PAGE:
Saudi wealth fund braves market tumult in green bonds debut, others unlikely to rush
DUBAI – Saudi Arabia’s Public Investment Fund faced little scrutiny over its green credentials when it sold $3 billion in green bonds last week in its maiden debt issue, according to people familiar with the transaction.
While the region’s other issuers remain wary of market volatility, the sale – the first green bond issue by any sovereign wealth fund – went smoothly with little pushback from investors over the environmental, social and governance (ESG) credentials, two bankers told Reuters. One noted that an investor call they attended only raised one concern, but did not elaborate.
Final orders totalled around $25 billion and the fund received requests from interested investors for a 100-year tranche, said Abdeslam Alaoui, Deutsche Bank’s capital markets head for the region and one of the deal’s leads.
He said that PIF’s issuance of the first-ever 100-year green bonds showed investor confidence in its credit strength and Saudi Arabia’s long-term commitment to energy transition. The world’s top oil exporter last year pledged carbon neutrality by 2060.
PIF paid a new issuance premium of 65 basis points over the sovereign on five- and 10-year tranches that raised $1.25 billion each. They priced roughly 10 basis points below oil giant Saudi Aramco’s yield curve.
PIF sold $500 million of the 100-year bonds – the first bonds of that tenor from a debut issuer or a sovereign wealth fund, and the first 100-year issue in the region.
“PIF has scored many firsts with this transaction and sent a very strong signal in what is a very challenging market environment,” Alaoui said.
The 100-year bonds were trading up 4 cents on the dollar in the grey market, while the other tranches were flat or marginally below issue prices, fixed income analysts said on Tuesday.
The bonds saw the highest placement in Britain, followed by the Middle East and North Africa, then U.S. offshore investors, Europe and Asia, according to a bank document seen by Reuters.
U.S. onshore investors could not participate because PIF has two years of financial statements and needs three to issue in onshore in the United States.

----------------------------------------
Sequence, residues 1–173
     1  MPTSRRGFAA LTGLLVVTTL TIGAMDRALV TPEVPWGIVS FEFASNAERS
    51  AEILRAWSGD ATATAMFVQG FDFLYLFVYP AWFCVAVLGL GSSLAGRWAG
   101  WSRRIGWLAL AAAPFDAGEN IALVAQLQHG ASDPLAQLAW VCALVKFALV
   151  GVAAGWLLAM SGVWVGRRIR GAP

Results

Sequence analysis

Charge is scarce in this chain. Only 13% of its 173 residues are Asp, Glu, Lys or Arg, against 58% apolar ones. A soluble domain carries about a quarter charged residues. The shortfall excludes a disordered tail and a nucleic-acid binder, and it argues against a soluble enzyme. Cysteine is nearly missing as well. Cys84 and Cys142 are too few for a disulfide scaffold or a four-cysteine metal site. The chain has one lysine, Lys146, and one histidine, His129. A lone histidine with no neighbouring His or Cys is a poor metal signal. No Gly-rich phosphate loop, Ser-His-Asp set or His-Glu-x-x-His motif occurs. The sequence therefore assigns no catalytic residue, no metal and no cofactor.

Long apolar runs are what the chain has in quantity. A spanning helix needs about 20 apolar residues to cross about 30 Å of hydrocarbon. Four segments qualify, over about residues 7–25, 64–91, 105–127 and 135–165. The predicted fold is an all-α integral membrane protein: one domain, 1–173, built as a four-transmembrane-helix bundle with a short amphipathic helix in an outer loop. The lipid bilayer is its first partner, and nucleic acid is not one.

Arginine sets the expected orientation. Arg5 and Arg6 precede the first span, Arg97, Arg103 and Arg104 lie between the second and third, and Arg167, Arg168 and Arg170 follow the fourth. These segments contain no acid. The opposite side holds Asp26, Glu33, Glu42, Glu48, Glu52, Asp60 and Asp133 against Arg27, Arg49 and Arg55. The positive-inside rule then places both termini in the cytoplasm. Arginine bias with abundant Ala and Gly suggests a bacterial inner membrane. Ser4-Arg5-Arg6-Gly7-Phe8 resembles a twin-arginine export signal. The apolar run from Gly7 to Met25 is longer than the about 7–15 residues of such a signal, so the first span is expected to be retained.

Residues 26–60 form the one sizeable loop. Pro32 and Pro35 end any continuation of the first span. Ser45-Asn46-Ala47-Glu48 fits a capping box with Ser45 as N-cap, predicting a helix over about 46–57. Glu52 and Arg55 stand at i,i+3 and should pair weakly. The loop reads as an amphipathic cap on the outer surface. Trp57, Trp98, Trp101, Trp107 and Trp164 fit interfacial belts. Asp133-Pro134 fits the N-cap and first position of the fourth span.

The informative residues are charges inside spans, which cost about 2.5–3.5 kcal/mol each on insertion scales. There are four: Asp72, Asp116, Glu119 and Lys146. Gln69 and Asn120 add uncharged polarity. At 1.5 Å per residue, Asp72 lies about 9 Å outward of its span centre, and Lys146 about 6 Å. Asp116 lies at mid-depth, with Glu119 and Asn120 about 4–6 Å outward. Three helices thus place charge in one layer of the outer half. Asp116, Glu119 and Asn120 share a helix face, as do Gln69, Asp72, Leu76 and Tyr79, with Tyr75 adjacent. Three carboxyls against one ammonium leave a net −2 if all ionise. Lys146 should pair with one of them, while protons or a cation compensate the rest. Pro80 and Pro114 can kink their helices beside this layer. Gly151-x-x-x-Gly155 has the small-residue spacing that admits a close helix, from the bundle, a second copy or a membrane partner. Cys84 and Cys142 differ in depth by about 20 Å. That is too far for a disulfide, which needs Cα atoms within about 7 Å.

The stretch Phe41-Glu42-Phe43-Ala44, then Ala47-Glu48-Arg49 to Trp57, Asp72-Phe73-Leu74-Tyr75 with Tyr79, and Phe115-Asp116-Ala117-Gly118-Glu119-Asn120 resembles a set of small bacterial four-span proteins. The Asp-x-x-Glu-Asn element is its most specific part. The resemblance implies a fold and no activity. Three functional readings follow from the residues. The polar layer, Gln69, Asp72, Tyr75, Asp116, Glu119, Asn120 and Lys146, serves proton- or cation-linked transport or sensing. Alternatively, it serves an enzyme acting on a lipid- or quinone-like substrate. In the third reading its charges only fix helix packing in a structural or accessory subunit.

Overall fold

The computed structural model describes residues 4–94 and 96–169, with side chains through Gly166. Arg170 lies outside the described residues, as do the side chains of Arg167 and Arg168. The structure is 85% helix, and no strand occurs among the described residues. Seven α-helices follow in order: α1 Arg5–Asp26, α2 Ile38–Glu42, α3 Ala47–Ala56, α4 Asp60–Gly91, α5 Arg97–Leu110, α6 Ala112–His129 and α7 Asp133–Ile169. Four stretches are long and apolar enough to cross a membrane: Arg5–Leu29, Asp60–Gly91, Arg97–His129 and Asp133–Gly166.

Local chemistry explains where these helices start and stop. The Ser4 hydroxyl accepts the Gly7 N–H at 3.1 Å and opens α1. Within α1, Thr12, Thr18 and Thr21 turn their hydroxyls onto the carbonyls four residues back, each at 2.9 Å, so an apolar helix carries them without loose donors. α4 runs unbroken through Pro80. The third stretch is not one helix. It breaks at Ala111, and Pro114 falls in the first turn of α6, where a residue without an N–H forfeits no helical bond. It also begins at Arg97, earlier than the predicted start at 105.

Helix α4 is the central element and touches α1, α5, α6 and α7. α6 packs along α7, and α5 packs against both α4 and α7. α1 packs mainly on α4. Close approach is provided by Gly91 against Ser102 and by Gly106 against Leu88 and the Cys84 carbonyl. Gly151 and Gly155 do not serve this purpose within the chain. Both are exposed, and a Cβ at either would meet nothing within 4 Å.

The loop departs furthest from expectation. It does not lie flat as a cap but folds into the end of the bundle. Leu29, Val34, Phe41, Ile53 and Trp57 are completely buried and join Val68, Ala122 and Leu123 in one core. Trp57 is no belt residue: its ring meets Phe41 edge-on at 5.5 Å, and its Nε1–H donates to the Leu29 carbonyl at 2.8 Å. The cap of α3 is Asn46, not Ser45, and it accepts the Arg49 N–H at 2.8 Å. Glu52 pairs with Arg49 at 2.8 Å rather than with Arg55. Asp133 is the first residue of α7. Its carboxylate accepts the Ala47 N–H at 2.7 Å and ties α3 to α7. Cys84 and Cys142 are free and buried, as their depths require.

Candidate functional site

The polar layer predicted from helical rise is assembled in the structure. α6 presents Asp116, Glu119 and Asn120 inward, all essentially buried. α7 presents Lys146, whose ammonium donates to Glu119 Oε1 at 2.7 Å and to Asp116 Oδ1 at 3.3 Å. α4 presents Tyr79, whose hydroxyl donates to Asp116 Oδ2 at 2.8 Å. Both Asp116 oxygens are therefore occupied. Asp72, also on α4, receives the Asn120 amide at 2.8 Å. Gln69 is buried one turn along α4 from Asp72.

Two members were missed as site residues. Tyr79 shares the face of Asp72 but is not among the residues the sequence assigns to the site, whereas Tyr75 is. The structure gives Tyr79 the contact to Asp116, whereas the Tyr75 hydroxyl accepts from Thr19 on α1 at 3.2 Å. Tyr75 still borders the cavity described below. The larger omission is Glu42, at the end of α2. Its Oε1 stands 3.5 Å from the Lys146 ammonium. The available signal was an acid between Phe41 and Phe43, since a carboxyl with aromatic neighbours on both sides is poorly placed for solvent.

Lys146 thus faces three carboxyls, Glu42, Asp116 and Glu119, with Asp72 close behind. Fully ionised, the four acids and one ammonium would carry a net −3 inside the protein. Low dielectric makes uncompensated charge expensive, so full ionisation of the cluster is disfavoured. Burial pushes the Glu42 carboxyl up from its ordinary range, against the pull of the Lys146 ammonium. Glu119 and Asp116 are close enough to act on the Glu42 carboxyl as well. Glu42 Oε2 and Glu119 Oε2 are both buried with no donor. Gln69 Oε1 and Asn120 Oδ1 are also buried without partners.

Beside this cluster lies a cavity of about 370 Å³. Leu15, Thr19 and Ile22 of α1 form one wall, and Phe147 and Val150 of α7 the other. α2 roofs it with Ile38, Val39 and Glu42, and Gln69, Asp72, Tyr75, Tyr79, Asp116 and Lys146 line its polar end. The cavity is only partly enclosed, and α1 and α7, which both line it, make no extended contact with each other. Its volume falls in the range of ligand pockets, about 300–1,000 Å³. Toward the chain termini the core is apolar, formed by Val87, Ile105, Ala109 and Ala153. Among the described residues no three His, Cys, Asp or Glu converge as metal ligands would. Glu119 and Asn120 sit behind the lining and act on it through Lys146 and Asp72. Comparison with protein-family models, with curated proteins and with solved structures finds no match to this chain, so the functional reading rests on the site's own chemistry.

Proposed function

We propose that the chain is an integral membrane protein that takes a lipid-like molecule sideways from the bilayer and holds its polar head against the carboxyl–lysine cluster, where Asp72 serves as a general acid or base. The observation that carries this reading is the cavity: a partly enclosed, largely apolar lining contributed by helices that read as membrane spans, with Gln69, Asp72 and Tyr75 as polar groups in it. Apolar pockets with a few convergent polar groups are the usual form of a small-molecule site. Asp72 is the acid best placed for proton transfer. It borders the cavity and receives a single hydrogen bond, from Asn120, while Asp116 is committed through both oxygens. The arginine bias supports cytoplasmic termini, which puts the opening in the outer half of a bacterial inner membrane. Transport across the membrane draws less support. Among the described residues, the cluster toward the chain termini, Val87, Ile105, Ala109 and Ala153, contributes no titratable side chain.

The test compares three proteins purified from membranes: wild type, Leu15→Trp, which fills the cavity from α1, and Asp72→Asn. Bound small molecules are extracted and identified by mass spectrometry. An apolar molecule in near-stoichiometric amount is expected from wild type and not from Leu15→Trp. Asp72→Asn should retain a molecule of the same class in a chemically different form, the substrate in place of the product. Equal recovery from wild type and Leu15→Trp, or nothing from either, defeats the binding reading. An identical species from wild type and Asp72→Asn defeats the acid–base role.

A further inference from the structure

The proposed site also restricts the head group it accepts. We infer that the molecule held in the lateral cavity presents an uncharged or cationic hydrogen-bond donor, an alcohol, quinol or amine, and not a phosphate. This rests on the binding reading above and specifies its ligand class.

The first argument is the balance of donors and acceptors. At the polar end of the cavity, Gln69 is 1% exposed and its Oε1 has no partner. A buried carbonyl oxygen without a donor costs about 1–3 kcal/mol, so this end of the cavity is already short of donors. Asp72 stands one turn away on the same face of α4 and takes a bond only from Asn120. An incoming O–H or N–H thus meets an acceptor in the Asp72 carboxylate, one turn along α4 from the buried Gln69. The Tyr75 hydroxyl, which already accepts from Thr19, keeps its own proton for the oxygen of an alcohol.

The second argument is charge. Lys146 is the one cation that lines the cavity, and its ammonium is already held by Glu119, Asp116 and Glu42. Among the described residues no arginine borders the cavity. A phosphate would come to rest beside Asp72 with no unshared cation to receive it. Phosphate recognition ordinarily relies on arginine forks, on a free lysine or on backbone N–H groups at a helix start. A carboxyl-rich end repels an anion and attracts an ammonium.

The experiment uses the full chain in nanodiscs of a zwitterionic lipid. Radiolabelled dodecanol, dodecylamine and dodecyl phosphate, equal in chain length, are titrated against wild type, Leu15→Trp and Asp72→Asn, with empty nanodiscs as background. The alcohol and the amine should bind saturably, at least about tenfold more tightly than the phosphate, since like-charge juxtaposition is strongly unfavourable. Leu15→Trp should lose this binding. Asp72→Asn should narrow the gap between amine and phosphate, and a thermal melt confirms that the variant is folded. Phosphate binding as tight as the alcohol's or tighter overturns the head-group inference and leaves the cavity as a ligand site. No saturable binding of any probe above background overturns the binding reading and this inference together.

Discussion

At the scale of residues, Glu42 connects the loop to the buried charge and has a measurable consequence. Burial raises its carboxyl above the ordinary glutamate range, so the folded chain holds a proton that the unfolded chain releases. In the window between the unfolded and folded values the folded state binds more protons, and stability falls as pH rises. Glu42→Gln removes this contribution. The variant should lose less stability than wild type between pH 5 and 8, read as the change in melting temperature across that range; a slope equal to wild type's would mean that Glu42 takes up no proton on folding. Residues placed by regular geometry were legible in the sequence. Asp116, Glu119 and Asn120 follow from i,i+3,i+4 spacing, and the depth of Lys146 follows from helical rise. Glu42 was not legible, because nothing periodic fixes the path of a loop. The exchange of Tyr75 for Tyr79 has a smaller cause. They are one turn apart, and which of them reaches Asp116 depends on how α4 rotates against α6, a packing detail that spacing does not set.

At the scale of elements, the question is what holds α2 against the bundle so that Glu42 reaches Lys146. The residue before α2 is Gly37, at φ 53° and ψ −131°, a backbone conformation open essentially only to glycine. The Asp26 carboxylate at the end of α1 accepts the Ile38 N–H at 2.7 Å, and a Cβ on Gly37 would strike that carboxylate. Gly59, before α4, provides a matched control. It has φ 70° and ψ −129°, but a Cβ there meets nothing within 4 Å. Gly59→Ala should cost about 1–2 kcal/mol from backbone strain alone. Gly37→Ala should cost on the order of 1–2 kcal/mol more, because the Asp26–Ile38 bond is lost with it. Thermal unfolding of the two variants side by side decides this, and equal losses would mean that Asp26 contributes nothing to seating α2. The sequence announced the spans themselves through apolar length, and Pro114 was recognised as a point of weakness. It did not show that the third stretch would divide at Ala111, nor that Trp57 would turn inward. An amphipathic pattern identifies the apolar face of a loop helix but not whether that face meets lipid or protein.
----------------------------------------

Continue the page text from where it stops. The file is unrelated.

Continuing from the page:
Alaoui said the fund was expected to continue issuing green bonds, including green sukuk, or Islamic bonds, and to tap the onshore U.S. market in the coming years.
Investor demand for ESG-linked financing has surged and interest has picked up in the Gulf and wider Middle East, but concerns remain over allocating ESG funds to a region still heavily reliant on hydrocarbon revenue and with a poor human rights record.
Some ESG watchers criticised the deal, taking aim at PIF’s 4 s-percent take in Aramco, acquired in February.
“I think the investors’ focus on PIF issuing a green bond is overdone. They have green investments, and there’s a clear trajectory to continue such investments,” said Zeina Rizk, executive fixed income director at Arqaam Capital, which invested in the bonds.
PIF has $10 billion of eligible green investments through 2026, its investor presentation showed. The fund pledged to invest roughly $40 billion in Saudi Arabia through 2025.
Egypt, due to host the COP27 climate conference next month, became the region’s first issuer of sovereign green bonds in 2020. Several other sovereigns and state-linked entities in the region are exploring – or in the process of setting up – their own green frameworks to eventually raise green debt.
First Abu Dhabi Bank, which taps the market regularly and is one of the region’s most active green issuer, followed up PIF’s transaction a day later with a sale of $700 million worth of green bonds.
Three bankers said that in general they saw a limited near-term pipeline as issuers continue to adjust to rising interest rates as central banks led by the U.S. Federal Reserve fight to tame decades-high inflation.